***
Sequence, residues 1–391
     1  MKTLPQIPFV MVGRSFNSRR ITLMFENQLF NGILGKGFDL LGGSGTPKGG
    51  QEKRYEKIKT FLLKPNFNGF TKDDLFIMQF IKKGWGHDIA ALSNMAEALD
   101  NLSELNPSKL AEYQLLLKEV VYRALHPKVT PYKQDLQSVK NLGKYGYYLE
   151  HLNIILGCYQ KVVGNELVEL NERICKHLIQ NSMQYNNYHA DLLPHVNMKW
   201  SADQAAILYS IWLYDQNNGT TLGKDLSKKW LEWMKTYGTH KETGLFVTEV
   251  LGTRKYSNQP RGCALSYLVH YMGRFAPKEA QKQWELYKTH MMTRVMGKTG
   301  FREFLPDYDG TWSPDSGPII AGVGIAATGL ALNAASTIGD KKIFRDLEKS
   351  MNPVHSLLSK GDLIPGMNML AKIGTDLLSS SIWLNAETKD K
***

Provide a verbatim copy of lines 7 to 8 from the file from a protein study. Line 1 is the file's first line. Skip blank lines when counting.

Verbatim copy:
   251  LGTRKYSNQP RGCALSYLVH YMGRFAPKEA QKQWELYKTH MMTRVMGKTG
   301  FREFLPDYDG TWSPDSGPII AGVGIAATGL ALNAASTIGD KKIFRDLEKS